8. Access token — It defines the scopes and durations of access granted by the resource owner, which is enforced by the resource and authentication servers. In a nutshell, it is a credential which is used to access protected resource of the owner.
  9. Refresh token — This is the credentials which is used to obtain new access token when the existing one expires. Issuing a refresh token is optional and totally up to the authorization server. In case, the authorization server issues refresh tokens, then it is included with the access token.

There are four roles defined by OAuth viz. Resource owner, Resource server, Client and Authorization server.

Now, let’s understand two important concepts — Front Channel Flow and Back Channel Flow.

In Front Channel Flow, the resource owner starts the flow by asking the client application on the browser to access his protected resource. The client then sends authorization request with the scopes via browser redirect to the Authorize Endpoint on the Authorization Server. Then, authorization Server returns a consent dialog box, where the resource owner has to give his consent. If the consent is given, the Authorization grant with the Authorization code is passed back to the application via browser redirect.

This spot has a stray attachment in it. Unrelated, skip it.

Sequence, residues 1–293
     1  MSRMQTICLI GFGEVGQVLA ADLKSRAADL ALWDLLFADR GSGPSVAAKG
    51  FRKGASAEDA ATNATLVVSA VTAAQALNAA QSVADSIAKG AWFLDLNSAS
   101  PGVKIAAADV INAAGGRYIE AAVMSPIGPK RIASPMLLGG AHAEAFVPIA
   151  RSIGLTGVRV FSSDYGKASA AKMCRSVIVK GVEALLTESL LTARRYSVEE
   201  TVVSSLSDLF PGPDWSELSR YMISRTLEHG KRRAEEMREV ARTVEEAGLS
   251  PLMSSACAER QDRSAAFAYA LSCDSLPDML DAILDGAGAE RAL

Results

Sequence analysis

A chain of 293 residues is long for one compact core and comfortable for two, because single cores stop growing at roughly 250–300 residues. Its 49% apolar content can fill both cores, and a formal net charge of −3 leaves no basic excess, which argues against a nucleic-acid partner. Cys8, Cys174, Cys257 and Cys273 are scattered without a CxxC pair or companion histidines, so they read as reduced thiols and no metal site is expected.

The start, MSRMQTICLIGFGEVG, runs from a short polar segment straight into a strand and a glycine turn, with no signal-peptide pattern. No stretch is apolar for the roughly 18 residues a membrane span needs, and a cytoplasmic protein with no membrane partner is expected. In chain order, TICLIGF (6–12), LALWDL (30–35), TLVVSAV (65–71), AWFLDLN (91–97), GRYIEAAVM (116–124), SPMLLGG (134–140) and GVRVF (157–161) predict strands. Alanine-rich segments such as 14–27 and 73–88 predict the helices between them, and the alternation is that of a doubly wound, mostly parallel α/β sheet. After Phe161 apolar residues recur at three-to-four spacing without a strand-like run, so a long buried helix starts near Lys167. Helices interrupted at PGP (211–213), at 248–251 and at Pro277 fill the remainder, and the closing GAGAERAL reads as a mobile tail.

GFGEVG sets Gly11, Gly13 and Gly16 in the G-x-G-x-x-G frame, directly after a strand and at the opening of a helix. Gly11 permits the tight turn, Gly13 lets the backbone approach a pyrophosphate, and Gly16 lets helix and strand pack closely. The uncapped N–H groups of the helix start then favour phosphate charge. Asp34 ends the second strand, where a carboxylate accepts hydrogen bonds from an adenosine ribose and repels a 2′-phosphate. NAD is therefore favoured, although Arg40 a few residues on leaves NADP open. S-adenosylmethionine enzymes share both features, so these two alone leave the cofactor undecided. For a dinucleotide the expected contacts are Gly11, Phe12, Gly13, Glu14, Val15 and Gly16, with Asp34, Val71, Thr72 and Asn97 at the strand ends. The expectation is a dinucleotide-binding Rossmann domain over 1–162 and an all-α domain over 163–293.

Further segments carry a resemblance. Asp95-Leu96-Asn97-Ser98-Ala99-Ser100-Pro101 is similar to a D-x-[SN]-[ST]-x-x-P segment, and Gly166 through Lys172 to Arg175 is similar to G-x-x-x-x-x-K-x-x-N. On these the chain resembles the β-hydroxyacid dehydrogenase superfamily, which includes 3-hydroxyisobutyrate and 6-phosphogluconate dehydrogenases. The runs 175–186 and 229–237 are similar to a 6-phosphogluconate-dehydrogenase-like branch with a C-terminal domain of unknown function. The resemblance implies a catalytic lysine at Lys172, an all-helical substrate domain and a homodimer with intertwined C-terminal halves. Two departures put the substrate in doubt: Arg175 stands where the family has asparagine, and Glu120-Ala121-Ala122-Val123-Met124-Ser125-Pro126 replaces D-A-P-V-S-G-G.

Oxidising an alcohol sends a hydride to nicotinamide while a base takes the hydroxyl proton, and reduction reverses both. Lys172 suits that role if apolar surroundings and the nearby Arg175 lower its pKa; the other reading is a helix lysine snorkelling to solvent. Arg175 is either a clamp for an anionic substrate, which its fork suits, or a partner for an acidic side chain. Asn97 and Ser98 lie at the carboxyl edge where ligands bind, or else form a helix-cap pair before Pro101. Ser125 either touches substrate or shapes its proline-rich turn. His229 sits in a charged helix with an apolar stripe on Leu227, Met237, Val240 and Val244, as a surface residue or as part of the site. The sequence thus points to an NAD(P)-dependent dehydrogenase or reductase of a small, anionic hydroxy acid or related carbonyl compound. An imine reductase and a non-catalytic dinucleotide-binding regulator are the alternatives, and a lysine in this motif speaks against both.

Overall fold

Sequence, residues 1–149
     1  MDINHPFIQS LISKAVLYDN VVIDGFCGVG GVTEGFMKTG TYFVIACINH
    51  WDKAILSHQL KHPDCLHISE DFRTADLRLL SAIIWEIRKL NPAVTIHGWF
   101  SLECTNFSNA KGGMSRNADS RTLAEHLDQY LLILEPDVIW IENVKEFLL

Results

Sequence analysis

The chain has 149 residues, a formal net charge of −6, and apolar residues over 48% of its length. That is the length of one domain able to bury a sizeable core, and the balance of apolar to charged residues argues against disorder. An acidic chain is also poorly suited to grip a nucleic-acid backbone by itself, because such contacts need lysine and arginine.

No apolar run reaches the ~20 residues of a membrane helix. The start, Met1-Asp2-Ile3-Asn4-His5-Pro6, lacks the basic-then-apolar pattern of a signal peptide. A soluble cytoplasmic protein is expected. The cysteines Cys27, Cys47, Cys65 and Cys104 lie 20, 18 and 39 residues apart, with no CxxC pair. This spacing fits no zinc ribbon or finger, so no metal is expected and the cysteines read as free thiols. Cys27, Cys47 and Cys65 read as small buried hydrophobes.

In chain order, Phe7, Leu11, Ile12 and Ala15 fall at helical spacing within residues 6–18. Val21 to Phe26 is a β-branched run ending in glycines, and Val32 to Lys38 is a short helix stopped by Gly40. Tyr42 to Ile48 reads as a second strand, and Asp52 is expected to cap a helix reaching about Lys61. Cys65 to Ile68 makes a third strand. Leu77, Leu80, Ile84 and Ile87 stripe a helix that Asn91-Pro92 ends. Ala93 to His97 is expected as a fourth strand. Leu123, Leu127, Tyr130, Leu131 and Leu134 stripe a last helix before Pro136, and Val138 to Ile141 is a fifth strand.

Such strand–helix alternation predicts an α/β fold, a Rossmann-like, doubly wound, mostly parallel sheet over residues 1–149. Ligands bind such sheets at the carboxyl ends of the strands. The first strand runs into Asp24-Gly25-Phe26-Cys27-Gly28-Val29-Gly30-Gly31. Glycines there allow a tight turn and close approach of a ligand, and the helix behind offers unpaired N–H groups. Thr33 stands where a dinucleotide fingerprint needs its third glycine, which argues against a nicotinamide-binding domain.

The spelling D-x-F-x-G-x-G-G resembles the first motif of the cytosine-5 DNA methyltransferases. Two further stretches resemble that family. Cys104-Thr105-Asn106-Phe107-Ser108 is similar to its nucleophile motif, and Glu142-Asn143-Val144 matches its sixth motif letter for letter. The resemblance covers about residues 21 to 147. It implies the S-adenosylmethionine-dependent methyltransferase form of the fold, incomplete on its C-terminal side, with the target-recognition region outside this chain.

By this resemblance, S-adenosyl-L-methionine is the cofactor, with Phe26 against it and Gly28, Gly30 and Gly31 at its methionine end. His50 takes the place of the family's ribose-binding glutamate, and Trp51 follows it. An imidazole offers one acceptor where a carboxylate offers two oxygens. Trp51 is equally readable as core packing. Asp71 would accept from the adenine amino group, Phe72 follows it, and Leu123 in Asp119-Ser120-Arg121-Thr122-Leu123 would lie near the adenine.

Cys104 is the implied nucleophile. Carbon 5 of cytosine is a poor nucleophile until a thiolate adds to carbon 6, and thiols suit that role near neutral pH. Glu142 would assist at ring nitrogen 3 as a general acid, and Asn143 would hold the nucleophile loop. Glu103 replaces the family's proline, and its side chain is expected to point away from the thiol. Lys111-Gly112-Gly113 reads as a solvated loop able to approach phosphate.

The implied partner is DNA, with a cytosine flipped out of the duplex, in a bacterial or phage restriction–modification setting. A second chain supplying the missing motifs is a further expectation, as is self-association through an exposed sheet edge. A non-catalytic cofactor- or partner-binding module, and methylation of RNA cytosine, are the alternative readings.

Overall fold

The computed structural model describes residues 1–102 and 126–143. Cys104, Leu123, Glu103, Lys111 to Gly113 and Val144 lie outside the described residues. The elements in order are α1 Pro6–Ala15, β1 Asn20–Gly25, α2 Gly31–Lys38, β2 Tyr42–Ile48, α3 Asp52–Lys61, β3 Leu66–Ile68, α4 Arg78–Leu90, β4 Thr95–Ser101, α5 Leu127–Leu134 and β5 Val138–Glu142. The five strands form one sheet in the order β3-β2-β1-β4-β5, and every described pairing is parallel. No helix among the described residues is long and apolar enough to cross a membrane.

Since, all the mentioned processes are happening in the browser only, that’s why it is not very much secure. The credentials of Authorization grant can be intercepted by any malicious entity. If the client is given access to the protected resource with that Authorization code only, then the security of the owner’s resource will be compromised.

To solve this problem, Back Channel Flow comes into picture. The Client application sends an access token request to the token endpoint on the Authorization Server with confidential client credentials and client ID. This process exchanges an Authorization Code Grant for an Access Token and a Refresh Token (which is optional). This process is called back channel flow because here the communication of the client application with the authorization server is private and not through the browser.

When the client gets the access token, it can access the protected resource of the owner.

The above diagram shows a type of OAuth flow, which is called as Authorization code flow and it is the most secure OAuth flow.

Other OAuth flow types are Implicit Flow, Client Credential Flow and few more.

In implicit flow, all the communications are happening through the browser (front channel). An access token is returned directly from the authorization request. Since everything happens on the browser, it’s the most vulnerable to security threats.

Client credential flow is mostly used in the context of authorizing microservices. It’s a back channel only flow to obtain an access token using the client’s credentials.

Summary

This blog is a personal note of mine, that I have written by taking help from Okta’s blog and RFC 6749.

References

https://developer.okta.com/blog/2017/06/21/what-the-heck-is-oauth

What the Heck is OAuth?

https://tools.ietf.org/html/rfc6749

OAuth 2.0 Framework — RFC 6749